A day of rage is planned around the city as dozens of commuters planned to protest the MTA's latest round of "doomsday" service cuts.
The MTA Board voted unanimously last month to pass a budget plan laced with massive service cuts. Free and discounted student MetroCards, which currently benefit more than half a million students, would also be cut under the new plan.
New Yorkers won't stand for it.
City Council Speaker Christine Quinn, along with council members, students and leading transportation, student, senior and paratransit advocates, rallied against the cuts, which would mean the end of the line for the W and Z trains, in Manhattan Tuesday morning.
Another rally was scheduled in Harlem. Protests against the service reductions were also being held in Queens, where City Councilman Peter Vallone and commuters in Astoria protested MTA cutbacks, particularly the elimination of the W line, outside the Ditmars Boulevard station.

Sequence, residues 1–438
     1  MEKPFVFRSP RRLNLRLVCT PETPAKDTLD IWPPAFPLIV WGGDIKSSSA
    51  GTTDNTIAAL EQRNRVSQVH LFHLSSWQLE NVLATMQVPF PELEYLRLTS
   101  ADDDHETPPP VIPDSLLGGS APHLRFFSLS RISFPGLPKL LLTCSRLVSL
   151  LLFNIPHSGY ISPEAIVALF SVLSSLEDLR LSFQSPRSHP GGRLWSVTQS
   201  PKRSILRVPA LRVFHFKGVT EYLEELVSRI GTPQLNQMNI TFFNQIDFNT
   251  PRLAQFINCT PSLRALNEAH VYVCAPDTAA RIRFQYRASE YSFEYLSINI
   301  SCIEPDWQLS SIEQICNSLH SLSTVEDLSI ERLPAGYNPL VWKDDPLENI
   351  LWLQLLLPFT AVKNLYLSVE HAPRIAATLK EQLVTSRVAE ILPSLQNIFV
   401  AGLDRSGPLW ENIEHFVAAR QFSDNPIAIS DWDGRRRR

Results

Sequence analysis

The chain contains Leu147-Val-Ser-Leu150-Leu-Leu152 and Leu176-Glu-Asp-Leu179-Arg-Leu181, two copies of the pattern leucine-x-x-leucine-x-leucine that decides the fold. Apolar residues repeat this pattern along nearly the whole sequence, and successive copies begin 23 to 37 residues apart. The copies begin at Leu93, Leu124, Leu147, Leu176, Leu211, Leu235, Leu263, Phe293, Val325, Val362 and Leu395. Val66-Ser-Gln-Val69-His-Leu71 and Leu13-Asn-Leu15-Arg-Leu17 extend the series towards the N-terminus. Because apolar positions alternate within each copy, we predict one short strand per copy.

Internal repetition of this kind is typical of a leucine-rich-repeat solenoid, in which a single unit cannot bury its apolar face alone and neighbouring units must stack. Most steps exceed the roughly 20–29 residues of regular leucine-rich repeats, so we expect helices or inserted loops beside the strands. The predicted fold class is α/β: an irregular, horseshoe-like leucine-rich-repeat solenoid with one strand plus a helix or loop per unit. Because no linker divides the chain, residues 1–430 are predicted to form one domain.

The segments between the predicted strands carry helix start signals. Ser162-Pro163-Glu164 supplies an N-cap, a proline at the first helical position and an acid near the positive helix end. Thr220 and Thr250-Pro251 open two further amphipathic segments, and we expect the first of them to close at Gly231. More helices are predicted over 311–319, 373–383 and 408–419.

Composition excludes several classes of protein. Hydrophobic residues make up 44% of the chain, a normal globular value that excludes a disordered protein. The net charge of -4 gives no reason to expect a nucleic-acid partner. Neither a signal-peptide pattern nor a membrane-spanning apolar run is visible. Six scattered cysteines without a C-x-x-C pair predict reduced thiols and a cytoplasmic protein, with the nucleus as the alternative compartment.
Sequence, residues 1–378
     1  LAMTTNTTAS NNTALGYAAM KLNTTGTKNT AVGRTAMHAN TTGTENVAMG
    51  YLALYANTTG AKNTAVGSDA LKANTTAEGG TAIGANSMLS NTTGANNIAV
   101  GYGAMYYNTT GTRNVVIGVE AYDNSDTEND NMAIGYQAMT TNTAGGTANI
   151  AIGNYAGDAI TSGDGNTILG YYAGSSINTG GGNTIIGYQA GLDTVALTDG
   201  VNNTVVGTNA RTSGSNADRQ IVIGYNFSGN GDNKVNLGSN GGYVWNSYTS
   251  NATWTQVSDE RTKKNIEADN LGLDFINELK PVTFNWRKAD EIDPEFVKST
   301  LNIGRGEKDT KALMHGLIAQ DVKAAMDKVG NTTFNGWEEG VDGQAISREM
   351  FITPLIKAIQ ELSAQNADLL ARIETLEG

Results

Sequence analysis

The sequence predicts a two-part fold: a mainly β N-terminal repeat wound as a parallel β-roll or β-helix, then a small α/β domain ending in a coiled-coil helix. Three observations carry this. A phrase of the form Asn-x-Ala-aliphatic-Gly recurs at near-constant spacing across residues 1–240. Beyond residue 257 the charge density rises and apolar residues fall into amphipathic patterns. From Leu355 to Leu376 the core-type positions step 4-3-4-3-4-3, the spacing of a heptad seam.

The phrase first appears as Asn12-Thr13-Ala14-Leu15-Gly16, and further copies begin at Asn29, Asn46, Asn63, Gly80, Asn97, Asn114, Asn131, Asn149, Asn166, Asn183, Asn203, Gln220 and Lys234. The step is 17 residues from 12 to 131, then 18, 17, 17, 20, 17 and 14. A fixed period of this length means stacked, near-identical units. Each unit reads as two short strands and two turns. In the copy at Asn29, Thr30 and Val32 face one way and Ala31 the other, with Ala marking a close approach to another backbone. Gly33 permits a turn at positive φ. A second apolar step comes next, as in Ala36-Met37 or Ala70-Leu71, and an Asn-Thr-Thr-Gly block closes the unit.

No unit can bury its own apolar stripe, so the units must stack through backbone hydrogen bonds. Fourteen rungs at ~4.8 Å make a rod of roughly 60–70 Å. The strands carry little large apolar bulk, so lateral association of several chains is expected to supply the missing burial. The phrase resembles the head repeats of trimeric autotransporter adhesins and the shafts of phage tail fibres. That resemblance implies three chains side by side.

The MTA budget hopes to close the gap on a $383 million shortfall that unexpectedly cropped up late last year as a result of lower than expected tax revenues and a court decision that gave transit union workers an 11.5 percent hike over three years.
In addition to the elimination of the W and Z lines, the MTA would get rid of 21 local bus routes. People with disabilities would be affected by cuts to the Access-A-Ride program.
The Council is launching a petition drive as a way for New Yorkers to voice their concerns about the cuts and the negative impact they will have on their daily lives.